This is a theme I keep harping on about, but it cannot be said enough.
Traditionally, there’s a stigma around freelancers: a stereotype that we’re all flaky, unreliable, poor communicators who can’t be depended on.
If you’re a designer like me — or other “creative” type — it get’s even worse. Creatives have their own stereotype of being difficult to work with, the “mad genius” who likes to work alone, through mysterious processes, and often fails to meet serious business deadlines in pursuit of their craft.
Combine the assumed failings of a freelancer and a designer, and you’re looking like a pretty miserable specimen.
How did we get here?
The barrier of entry for most digital skills is almost nill, so naturally the market is flooded with inexperienced, unreliable, “cowboy” types who think this work is a ticket to easy success. Businesses all over the world have had dealings with unprofessional freelancers and designers, and those repeated sub-standard experiences have left a sour taste in the collective mouths of our potential clients.
Yet the appeal of working with freelancers remains: often lower cost than their agency counterparts, and a more direct and transparent relationship with no management, middle-men, or markups.
So they keep seeking us out, each time hoping the next one will be a bit more reliable. This is where you and I come in.
When they do find someone professional, it’s like a breath of fresh air. They feel like they’ve hit the jackpot: the benefits of working with an independent consultant combined with the reliable business relationship they’d expect from a big reputable agency.
You may be less talented than others they’ve worked with in the past, or have fewer years of education or experience under your belt — but none of that compares to the delight they feel from an easy relationship with a contractor they can trust and rely on.
That’s literally all it takes. Your skills and experience get you to the table, but being professional wins the deals and makes long-lasting partnerships.
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Is it really that easy?
The market is still crowded with cowboys, and getting more crowded every day. The bottom feeders keep multiplying and eating each other, but all you have to do is elevate your head above them to make them irrelevent.
Hone your skills. Master your craft. Do all of that too. But if you can only do one thing, practice being ultra-professional. That, more than anything else, will make you memorable.
What is ultra-professional?
It doesn’t mean you have to wear a suit and tie to very client meeting. It’s not about looking the part (although that helps too!) it’s about being it.
- Be reliable. Promise your best, and overdeliver. Show up on time, every day (just because you are your own boss, doesn’t mean you should slack off. That lets down both yourself and your client). Don’t let anything fall through the cracks. Become someone your client will want to depend on to look after their business interests for the long-haul.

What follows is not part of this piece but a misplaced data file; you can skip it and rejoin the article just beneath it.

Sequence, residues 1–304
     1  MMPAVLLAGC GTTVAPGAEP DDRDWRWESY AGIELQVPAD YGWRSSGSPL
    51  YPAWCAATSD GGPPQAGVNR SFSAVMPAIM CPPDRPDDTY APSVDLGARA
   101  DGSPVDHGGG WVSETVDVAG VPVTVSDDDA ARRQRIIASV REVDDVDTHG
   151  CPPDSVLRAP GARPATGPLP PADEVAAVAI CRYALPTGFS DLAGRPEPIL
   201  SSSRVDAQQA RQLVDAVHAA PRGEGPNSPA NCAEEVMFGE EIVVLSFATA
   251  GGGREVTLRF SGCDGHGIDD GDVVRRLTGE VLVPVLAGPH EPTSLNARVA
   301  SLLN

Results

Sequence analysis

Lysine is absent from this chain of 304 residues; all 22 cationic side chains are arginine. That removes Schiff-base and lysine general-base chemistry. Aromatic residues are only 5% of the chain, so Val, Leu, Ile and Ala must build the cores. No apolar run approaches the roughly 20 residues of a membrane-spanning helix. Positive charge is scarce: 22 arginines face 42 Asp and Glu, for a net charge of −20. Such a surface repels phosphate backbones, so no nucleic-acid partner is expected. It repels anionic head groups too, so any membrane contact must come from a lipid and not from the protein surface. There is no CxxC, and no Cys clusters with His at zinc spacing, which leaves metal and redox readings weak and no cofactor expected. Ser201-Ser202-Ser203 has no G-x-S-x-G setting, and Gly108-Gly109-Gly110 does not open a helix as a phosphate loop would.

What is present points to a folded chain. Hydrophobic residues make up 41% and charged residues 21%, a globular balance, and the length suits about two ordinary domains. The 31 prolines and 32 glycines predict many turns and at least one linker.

- Communicate. Over communicate! Set expectations early and often. Describe your process. Involve your client. Incite good feedback. Be responsive. Send daily updates, and know how to write good concise emails. Be honest and transparent about everything. Most importantly, know how to talk in a language your clients will understand — free from tech/design jargon.
- Be kind and respectful. Avoid being a dick. Demonstrate the type of professional relationship you want and you’ll get more of the same in return.
- Get organised. Know and trust your processes, and improve them when you learn better methods. Do your homework and come prepared. Stay on top of the process and guide your client through it. Manage your projects and schedule with precision. Respect your client’s time as well as your own.
- Provide exceptional value. Think beyond the pixels and look for unexpected ways you can offer business strategy that connects back to your creative work. The more passionate you can be about your client’s business, the more you’ll pour your heart and soul into making them a success. Your client will notice those extra efforts.
- Do great work, for every client and every project. Hold yourself to a high standard and never let is slip. You’ll build up a strong reputation that’s worth its weight in gold.
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Rise above the bottom-feeders
The cream rises to the top, or so they say. Be that cream.
Maintaining a reputation as being ultra-professional will get you there faster than anything else. While there is no life-hack for freelance success, this is as close to a shortcut as you’ll find.
If you’re tired of competing with people who’ll work for pennies, or struggling with clients who don’t value or respect your expertise — transcend that level competitive bottom-feeding by beating them at being the most professional. You’ll be winning the game of freelancing before you know it.
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This story can also be found on solowork.co